Are these bodies “really” that diverse? Dove Real Beauty Campaign Ad.
In her book Becoming Women: The Embodied Self in Image Culture (2014), Carla Rice reconfirms the commonsense notion that North American popular culture—filled with images of thin white women—damages women’s self-esteem by sending narrow messages about what women should look like. Because the mass media’s standard of beauty excludes 99% of ladies, it encourages them to develop such issues as body dysmorphia and eating disorders. Rice predictably lobbies for more diverse pictures of women. About a decade ago she served as a consultant to Dove, helping that company develop its “Real Beauty” advertising campaign. It was begun in 2004 after surveys revealed that only 4% of women consider themselves beautiful. Rice urged Dove to appeal to women’s desire for acceptance rather than judgement, admitting that the final (highly controversial) advertisements continued to feature attractive women with flawless skin.
Jo Spence and Tim Sheard, Exiled, 1989. From Narratives of Dis-ease (1989).
Yet Dove was late to the party. For decades artists and scholars have intervened in dominant image culture, offering alternative images of fat, sick, differently abled, and lesbian bodies, among others. Artist Jo Spence is well known for scrawling “Monster” across her chest, taking photographs of her cancer treatments in an effort to reclaim and de-medicalize her suffering body. Such transgressive images are much more effective than those produced by Dove, though they have less popular circulation.
While I agree that the current beauty standard is ridiculously limiting, and support the display of diverse female bodies, I think that image culture receives too much attention and has in fact become a scapegoat for women’s body problems. Continue reading
Crystal 2007: Slim and Sexy in Las Vegas. Photo Credit: Crystal Fraser
I was walking down a dark bike path, cell phone in hand, noting the sound of every step and scuffle strangers made on the cold, wet pavement. I was in Ottawa undertaking the final phase of my archival research for my PhD dissertation and this was the evening of a particularly long and intense day; we had been in lockdown in a federal building after the murder of Nathan Cirillo and the dramatic events that unfolded at Parliament’s Centre Block. On uber-high alert, I consistently reminded myself why I needed to pay such close attention to every detail of my surroundings. “Okay self. First: last news update. There may be suspects still at large. Fuck. Second: You are an Indigenous woman and statistically have a one-in-three chance of being sexually assaulted. Fuck. Third: No one better mess with me. I have an umbrella, a set of keys, and a large purse and I am not afraid to use them. Double fuck.” Trying to dismiss all of the above, I attempted to rationalize the uncertainty of my situation. “Listen here self: you don’t have to worry about that strange man walking behind you. You’ll be safe you cause you are FAT! Hahahaha – joke is on him! Wait…what?” Continue reading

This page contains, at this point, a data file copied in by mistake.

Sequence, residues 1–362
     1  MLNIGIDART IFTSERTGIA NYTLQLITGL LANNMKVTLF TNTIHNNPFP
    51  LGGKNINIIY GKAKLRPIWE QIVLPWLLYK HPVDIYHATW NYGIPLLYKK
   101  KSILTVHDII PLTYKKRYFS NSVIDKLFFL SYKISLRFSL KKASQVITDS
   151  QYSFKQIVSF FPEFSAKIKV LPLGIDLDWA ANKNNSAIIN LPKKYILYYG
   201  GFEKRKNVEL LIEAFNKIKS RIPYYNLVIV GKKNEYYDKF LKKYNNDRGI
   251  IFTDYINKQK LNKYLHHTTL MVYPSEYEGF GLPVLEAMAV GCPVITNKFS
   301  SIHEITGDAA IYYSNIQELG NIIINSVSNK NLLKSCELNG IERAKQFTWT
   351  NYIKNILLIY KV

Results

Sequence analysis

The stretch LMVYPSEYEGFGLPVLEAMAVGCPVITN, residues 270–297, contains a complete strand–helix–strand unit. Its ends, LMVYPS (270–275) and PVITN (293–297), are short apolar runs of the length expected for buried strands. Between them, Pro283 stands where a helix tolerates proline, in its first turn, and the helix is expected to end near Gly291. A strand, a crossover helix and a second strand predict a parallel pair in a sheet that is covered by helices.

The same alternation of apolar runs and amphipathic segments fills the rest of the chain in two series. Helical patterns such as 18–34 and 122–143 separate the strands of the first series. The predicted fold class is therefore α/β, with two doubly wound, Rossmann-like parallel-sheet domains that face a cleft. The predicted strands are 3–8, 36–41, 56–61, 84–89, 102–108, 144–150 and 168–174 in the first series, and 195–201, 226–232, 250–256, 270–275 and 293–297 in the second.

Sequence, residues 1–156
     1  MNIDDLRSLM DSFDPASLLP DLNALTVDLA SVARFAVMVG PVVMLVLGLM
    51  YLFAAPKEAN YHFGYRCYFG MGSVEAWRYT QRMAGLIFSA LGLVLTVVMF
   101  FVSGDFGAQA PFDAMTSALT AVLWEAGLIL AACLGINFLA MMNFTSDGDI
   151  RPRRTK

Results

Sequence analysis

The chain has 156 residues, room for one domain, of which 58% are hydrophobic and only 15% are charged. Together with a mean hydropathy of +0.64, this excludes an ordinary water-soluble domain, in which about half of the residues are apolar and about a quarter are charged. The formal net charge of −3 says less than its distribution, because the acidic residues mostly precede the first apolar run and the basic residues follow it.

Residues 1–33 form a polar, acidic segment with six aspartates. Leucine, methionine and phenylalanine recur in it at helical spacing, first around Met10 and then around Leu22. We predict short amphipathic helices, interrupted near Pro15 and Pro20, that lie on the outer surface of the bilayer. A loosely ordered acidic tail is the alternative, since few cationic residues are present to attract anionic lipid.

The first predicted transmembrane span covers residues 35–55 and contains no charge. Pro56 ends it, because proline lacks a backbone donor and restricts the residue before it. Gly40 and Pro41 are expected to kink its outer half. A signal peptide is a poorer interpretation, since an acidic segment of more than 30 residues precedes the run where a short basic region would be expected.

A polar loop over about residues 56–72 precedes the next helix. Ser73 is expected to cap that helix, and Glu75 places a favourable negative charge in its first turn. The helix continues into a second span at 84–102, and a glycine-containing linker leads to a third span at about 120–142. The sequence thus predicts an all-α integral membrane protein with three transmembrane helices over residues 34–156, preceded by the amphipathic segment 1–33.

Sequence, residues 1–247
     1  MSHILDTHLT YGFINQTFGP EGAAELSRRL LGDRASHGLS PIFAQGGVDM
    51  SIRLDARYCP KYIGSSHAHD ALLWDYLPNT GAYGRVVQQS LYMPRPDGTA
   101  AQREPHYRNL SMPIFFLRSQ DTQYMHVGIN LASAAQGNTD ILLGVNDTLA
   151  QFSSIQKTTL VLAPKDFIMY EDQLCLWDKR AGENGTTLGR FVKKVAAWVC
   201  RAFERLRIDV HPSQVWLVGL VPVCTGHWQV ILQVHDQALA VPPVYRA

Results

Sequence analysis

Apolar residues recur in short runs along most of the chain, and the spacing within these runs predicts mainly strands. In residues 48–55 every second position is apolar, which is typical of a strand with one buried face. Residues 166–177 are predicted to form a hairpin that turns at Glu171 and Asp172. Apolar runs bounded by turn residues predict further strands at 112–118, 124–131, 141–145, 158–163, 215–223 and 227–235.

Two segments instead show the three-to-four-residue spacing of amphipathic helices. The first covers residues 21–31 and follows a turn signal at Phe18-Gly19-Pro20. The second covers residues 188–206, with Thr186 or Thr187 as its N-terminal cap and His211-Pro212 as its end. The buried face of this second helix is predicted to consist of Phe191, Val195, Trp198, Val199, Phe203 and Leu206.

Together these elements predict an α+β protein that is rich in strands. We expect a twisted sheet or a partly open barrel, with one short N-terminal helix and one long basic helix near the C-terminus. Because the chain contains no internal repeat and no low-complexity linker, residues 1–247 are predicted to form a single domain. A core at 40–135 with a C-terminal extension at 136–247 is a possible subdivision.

Being looked at is a powerful, identity-forming experience. Diego Velazquez, Rokeby Venus, c.1647-51, National Gallery, London.
So what have I been up to lately? You can spot me most mornings wearing sensible shoes and sporting thick eye bags as I push a stroller—my adorable son is inside—to the café, the spray park, the public library, the grocery store, or the Shopper’s Drug Mart. Much to my surprise, Sebastian attracts a lot of attention from just about everyone: male construction workers, female baristas, old ladies with boney fingers that like to poke chubby cheeks. Every single day, I hear the following phrases at least five times: “What a beautiful baby!” “Look at those eyelashes!” “What big blue eyes!” He is going to break all the girls’ hearts when he is older!” While I enjoy the first three comments, I bristle at the last one. I do not want my baby to be sexualized and/or hetero-sexualized in this fashion. He might grow up to be gay, trans, asexual, shy, or awkward. At least I hope so. These options are better than the proffered vision of him as an ultra-masculine sex bomb barreling through life, moving from one lady to the next. But I digress, for the main issue I want to discuss today is how this public reaction to my son’s appearance is literally creating his world. Continue reading
PDDs backstage during her Figure competition in June 2013.
At this time last year I was working towards my goal of competing in the Figure category of the 2013 ABBA Bodybuilding show. The past 11 months have been filled with many ups and downs as well as some nearly epic fails. Yet somehow, I’ve managed to succeed!
I took this selfie when I was alone in Paris in 2012, apparently in need of validation.
When I was downtown the other day, I saw three teenagers posing in a shopping centre, throwing gang signs—probably learned from a music video—while taking a group selfie. My first reaction was pity. How on earth could a trip to a seedy mall be considered a significant event worth recording? Then I realized my mistake. The resulting photograph was not the point. It was the act of performing for and taking the picture that was important to the teens, enabling them to transform a mundane occurrence into something meaningful. By taking a selfie the truants had both insisted that their lives held value and documented their solidarity. In addition to shaping their own identities, they had refused the dominant narrative of the mall by producing an image instead of consuming one. Maybe. Perhaps my analysis is a little naive? Discuss amongst yourselves.